Five reasons to read I am Malala

I recently read I am Malala by Malala Yousefzai and Christina Lamb, the autobiography of Malala Yousefzai, a teenaged Pakistani activist who stood up for the right to education. It was not really the most entertaining book, but I do believe it is an important book which I would strongly recommend to everyone. Here are five reasons why you should read this book.

 

1. We read dystopian fiction where people, including children are denied basic rights, we mourn for the hardships faced by fictional characters, and we sometimes forget that there are people in the real world who face equally overwhelming odds to fight for their basic rights. While reading certain parts of the book, I felt like I was reading a dystopian novel, minus love triangles.

2. Most of is here, in the bookish community are more or less privileged. We are all educated enough to read and analyse books, and blog about them. For many of us, education is something we’ve taken for granted. This book would help is realise how lucky we are.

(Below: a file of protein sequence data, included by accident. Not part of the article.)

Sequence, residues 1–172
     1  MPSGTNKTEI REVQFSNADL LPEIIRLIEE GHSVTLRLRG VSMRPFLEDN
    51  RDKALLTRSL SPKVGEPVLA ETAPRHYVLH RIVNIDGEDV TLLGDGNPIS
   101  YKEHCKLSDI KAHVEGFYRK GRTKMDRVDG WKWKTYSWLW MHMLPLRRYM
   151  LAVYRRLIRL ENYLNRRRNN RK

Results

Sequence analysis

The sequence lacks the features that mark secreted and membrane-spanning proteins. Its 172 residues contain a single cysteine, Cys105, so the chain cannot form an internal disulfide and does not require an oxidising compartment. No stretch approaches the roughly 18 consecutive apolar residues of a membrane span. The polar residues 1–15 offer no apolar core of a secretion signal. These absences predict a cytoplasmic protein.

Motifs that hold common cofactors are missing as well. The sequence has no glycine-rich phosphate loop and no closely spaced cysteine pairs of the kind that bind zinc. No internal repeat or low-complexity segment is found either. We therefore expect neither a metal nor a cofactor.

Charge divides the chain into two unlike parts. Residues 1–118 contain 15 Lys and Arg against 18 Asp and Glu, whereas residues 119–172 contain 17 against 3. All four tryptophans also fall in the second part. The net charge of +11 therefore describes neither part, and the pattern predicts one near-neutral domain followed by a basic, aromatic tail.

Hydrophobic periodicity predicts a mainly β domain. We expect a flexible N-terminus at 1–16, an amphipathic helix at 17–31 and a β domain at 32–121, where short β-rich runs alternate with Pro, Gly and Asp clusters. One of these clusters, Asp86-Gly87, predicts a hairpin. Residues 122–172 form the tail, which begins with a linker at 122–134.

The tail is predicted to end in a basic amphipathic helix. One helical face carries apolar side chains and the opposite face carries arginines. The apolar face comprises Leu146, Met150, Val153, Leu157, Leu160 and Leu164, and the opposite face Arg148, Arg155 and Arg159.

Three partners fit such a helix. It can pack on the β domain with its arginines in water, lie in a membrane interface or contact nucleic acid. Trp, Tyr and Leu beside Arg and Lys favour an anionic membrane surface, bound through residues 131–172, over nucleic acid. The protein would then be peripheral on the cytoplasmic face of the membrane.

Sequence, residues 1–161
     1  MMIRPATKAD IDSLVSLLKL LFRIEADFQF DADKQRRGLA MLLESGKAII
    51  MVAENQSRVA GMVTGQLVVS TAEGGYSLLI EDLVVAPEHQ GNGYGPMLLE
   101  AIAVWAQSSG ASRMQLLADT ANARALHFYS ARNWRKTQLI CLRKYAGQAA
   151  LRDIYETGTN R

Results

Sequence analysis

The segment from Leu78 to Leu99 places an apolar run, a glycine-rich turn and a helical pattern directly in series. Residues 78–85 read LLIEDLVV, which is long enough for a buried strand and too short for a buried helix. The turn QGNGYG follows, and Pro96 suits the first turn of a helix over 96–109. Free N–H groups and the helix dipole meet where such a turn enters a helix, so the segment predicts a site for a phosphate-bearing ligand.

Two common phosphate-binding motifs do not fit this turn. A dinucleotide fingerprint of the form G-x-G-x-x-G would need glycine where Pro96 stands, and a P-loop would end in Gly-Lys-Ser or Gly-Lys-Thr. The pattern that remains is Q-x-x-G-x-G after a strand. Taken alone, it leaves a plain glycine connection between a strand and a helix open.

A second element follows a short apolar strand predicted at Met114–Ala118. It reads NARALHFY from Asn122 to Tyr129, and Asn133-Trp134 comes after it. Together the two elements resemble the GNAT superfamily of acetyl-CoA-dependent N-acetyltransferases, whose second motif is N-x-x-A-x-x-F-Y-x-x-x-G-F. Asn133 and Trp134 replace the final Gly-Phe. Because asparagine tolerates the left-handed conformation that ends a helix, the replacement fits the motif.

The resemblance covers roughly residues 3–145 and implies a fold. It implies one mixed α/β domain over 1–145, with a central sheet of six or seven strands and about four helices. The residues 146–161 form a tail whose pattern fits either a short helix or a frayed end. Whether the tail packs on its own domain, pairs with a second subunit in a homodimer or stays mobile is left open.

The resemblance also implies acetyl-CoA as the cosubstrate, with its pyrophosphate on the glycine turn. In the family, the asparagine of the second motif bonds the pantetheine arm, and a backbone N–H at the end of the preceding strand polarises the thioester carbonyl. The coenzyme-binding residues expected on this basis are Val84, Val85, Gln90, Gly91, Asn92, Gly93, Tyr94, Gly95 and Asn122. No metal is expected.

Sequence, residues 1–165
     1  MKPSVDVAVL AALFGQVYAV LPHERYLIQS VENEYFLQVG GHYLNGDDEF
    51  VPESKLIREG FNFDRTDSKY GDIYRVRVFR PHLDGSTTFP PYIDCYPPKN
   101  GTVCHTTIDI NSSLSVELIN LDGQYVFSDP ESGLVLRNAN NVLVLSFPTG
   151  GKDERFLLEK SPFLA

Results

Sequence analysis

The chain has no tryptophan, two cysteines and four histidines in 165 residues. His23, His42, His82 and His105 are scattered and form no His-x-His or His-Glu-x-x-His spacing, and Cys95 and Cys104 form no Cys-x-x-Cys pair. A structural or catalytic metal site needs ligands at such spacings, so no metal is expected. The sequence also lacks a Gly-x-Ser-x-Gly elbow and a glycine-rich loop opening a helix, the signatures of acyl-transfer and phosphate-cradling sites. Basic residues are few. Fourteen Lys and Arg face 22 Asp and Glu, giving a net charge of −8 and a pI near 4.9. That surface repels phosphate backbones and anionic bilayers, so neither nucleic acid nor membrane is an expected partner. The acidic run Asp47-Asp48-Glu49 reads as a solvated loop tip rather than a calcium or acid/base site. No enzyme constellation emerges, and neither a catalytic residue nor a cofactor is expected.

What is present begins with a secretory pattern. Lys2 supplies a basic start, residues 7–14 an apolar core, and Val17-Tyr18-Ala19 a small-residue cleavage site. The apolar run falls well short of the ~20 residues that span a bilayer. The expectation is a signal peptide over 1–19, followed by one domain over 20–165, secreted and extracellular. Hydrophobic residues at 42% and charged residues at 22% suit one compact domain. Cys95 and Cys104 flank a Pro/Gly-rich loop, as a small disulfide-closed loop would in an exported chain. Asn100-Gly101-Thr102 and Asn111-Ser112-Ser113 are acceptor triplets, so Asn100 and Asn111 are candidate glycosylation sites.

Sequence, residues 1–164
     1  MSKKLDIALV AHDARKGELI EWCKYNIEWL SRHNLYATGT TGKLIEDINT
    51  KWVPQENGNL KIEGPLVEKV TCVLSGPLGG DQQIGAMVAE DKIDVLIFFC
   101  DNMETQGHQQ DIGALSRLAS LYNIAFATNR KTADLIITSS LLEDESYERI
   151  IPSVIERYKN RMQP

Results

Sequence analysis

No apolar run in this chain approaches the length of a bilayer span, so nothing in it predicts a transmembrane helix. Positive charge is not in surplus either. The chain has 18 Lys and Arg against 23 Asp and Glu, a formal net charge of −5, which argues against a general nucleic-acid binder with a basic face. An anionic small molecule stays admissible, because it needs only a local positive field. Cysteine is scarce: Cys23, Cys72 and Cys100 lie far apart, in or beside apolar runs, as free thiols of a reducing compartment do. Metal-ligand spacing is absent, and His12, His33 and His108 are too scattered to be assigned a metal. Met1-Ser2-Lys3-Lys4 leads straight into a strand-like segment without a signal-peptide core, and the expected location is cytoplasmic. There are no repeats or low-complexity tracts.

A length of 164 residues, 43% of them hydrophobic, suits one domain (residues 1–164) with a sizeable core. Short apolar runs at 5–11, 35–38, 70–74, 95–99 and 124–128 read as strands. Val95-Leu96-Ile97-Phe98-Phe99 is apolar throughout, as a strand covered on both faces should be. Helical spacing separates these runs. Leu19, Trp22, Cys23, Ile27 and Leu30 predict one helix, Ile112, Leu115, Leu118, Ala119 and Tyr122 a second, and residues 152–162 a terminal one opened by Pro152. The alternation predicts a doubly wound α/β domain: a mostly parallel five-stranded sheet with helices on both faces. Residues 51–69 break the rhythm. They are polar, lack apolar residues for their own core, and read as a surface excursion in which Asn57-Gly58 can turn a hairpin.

3. It is a proof that teens can make a difference. I was constantly reminded of strong  female characters in fiction who end up making a difference, while reading about Malala. I’ve always believed that you’re never too young to make a difference, and this is proof of the fact.

4. The book struck me as very real. There are constant reminders of the fact that Malala is a teen, and has interests similar to most teens in the world. She mentions the Twilight movies more than once, she talks about the friendship and competitiveness between her classmates, and a lot of other stuff that would be relatable even if you live on the other side of the world.

5. It is a great inspiration to stand up against injustice, whichever part of the world you’re from.

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